# Product-Mix Efficiency

Even if an economy is on its production-possibilities frontier, it may not be economically efficient. Not all points on the production-possibilities frontier have the same value. Hence, to be economically efficient, an economy must find that point on the production-possibilities frontier or that mix of products that has the highest value. This final condition of economically efficiency may be called product-mix efficiency.

For an economy to have product-mix efficiency, "trading with nature" must have the same "price" as trading with people. If an economy is on the production-possibilities frontier, then more of one good, good A, can be produced only by shifting resources and thus producing less of something else, good B. The slope of the production-possibilities frontier, which economists call the marginal rate of transformation, shows how much of good B must be given up to produce more of good A. When society moves along the production-possibilities frontier, it is trading with nature, and the marginal rate of transformation is the price it pays to get more of good A.

The amount of good B that must be given to people so they willingly give up a unit of A must be the same for all people if the economy is exchange efficient. The ratio at which people will trade B for A is the marginal rate of substitution. Only when the marginal rate of transformation of each product is equal to the marginal rate of substitution, that is, when "trading with nature" has the same "price" as trading with people, will the economy be economically efficient.

A numerical example makes this condition easier to understand. Suppose that producing one more bushel of corn requires the sacrifice of three bushels of oats. This statement tells us how the economy can trade with nature. Also suppose that people value corn and oats equally, that is, they will trade a bushel of oats for a bushel of corn. Even if the economy is production and exchange efficient, which means that it is on the production-possibilities frontier and that given the amounts of corn and oats produced, all mutually advantageous trades have been made, there are changes that can increase value. If one less bushel of corn is produced, three more bushels of oats can be produced. Because a bushel of corn and a bushel of oats have the same value in the eyes of consumers, the sacrifice of one bushel to get three is a desirable sacrifice. Hence this shift will increase value and thus efficiency.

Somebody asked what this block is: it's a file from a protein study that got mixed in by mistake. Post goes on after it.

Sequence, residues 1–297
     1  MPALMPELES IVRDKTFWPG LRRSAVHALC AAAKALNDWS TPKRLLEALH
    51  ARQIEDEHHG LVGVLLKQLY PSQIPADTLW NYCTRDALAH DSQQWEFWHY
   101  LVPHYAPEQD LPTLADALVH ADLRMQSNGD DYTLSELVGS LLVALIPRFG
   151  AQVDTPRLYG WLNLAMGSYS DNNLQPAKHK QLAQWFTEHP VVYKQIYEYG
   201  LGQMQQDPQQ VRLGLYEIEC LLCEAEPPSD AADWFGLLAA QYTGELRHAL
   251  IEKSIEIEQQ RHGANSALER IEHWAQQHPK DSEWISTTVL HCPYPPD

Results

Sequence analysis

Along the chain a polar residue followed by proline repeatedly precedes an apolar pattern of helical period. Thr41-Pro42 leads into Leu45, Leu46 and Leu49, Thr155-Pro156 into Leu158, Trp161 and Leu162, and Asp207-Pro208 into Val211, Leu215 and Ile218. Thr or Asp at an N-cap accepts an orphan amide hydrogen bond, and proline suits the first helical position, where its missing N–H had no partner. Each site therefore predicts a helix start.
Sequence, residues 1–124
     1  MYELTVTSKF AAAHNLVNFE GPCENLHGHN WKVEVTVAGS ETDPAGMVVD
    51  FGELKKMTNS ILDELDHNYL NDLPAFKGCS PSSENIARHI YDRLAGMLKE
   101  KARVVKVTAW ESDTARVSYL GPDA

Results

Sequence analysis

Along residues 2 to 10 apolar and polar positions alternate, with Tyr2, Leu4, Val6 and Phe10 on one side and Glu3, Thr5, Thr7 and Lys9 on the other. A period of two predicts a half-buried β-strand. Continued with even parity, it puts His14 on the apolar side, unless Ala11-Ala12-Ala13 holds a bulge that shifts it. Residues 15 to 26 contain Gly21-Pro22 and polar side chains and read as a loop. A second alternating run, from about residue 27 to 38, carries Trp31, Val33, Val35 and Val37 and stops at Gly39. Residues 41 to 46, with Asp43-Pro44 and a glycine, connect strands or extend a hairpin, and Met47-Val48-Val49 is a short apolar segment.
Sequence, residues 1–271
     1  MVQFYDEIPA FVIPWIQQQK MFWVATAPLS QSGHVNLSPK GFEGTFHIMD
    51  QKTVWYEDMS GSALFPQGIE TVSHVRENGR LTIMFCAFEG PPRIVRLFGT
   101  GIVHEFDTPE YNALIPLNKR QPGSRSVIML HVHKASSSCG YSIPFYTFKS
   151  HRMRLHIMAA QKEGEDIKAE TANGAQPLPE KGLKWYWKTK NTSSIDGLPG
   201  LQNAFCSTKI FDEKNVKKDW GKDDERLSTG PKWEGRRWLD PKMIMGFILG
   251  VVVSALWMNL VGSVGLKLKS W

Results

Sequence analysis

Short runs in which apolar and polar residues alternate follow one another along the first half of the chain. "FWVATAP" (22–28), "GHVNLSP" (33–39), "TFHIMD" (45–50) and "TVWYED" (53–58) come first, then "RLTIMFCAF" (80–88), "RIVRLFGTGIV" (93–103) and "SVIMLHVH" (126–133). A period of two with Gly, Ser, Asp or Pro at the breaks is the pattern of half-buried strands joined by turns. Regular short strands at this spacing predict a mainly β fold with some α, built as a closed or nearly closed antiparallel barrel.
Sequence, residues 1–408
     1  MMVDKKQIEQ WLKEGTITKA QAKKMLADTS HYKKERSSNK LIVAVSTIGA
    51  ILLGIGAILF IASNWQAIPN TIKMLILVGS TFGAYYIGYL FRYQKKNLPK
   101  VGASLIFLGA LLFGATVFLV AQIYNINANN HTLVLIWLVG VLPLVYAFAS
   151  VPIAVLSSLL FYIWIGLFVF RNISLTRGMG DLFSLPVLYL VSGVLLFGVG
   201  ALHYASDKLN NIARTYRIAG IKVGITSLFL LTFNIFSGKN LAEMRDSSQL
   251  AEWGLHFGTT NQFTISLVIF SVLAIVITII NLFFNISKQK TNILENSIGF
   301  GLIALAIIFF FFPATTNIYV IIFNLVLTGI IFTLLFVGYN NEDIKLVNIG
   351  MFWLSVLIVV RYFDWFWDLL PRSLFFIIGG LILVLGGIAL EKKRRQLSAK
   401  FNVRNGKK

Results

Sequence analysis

The graph below illustrates the discussion of the previous paragraph. Both point a and b are on the surface of the production-possibilities frontier. Moving from a to b means a loss of one unit of corn and a gain of three units of oats. Points a and c are on the same budget line. The slope of the budget line depends only on the relative price of corn and oats, and all points on a budget line represent equal expenditures of money. Thus, point a is valued the same as point c. Because a move from a to c leaves consumers with the same value (because they consider a loss of a unit of corn as exactly offset by the gain in the unit of oats), a move from a to b would increase value. (You should be able to see that one can also argue that point b is better than a by referring to the marginal costs and marginal benefits of the move.)

A move from a to b in the graph above would change the marginal rate of transformation (the slope of the production-possibilities frontier). It might also change the marginal rate of substitution (the slope of the budget line). As the economy slides down the production-possibilities frontier, the slope of the production-possibilities frontier should get steeper, and the slope of the budget line flatter (because oats should get cheaper relative to corn as people get more oats and less corn). When the two curves have equal slopes, the budget line will be tangent to the production-possibilities frontier. Here, the marginal rate of transformation equals the marginal rate of substitution and this point is economically efficient.

An optional section discussed the possibility of inefficiency from producing too much or too little bread. This inefficiency is caused because the marginal rate of transformation does not equal the marginal rate of substitution. Important cases of product-mix inefficiency occur when markets have monopoly or externalities.

We finish the unit with some reservations about economic efficiency.